A Samoan medicinal plant may be as effective as ibuprofen for treating inflammation, according to a new study that combines traditional community knowledge with a modern scientific approach.

Psychotria insularum, locally known as matalafi, is a small tree about 2m in height with small white flowers and glossy red berries, and is used to treat different forms of inflammation.

Researchers have said the plant is used to treat the inflammation associated with fever, body aches, swelling, wounds, skin infections, as well as respiratory infections.

Over the last four decades, even as more than 50 per cent of the approved drugs across the world have been derived from natural products, or based upon natural products or botanical drugs, the scientists say Samoan traditional medicine is relatively understudied.

In the current study, published in the journal PNAS, a team led by indigenous Samoan Dr Seeseei Molimau-Samasoni from the Centre for Biodiscovery, Victoria University of Wellington in New Zealand, have discovered the underlying molecular mechanism by which matalafi lowers inflammation.

They studied the effects of varying concentrations of homogenates from the plant’s leaves on components of the body’s immune system known to play a role in inflammation.

The researchers also compared these effects on the immune system components with the effects of the plant’s active chemical components as well as the anti-inflammatory drug ibuprofen

They found that matalafi works by interacting with the iron within cells of the body, in what is called an iron homeostasis mechanism. The scientists identified compounds in the matalafi plant – rutin and nicotiflorin – which both act by binding iron in cells in a process called iron chelation.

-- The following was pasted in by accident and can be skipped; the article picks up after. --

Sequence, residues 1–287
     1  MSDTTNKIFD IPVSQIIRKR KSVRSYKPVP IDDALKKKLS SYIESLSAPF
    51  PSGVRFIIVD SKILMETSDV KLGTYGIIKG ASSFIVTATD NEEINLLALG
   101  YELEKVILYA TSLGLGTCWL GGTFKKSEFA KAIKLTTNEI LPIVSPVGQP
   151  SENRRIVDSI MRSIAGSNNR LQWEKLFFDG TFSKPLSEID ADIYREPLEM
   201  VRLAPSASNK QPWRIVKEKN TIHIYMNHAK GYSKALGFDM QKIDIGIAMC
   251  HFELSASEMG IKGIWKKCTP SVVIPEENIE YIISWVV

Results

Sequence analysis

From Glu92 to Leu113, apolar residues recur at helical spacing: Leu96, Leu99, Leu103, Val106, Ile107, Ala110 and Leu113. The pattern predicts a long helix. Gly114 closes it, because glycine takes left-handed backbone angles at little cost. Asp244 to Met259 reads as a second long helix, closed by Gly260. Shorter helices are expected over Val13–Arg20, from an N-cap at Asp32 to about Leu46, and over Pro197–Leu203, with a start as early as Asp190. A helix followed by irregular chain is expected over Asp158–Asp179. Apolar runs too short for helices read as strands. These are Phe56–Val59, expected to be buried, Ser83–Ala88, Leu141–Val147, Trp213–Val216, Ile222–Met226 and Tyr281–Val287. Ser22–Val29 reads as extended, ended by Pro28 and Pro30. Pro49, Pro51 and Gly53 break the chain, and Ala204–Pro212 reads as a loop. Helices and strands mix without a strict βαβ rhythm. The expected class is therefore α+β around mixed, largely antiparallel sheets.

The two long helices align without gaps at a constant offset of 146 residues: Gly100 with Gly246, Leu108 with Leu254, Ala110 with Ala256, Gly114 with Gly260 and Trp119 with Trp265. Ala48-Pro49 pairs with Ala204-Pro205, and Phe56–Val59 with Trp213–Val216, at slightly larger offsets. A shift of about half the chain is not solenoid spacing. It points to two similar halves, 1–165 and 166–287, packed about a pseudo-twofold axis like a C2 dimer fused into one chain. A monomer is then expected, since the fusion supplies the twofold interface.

The anti-inflammatory effects of the P insularum is as potent as the commonly prescribed anti-inflammatory drug ibuprofen, the study noted.

“The similarity in the anti-inflammatory activity of the P insularum homogenate with the extensively used ibuprofen would be consistent with the diverse uses of the P insularum homogenate in Samoan traditional medicine,” the scientists wrote in the study.

They are currently exploring if the iron-chelating properties of the plant compounds could offer applications of matalafi beyond its traditional use, such as in treating cancer, neurodegenerative diseases, cardiovascular diseases, and diabetes.

“These are traditional medicines our people have been using for hundreds of years, and we are now finding science that supports that there is genuine activity in some of our medicines,” Dr Molimau-Samasoni told local media outlet Stuff.

“I do want to stress that traditional medicines need to be investigated scientifically before they are administered widely… there are still more steps to be done,” she added.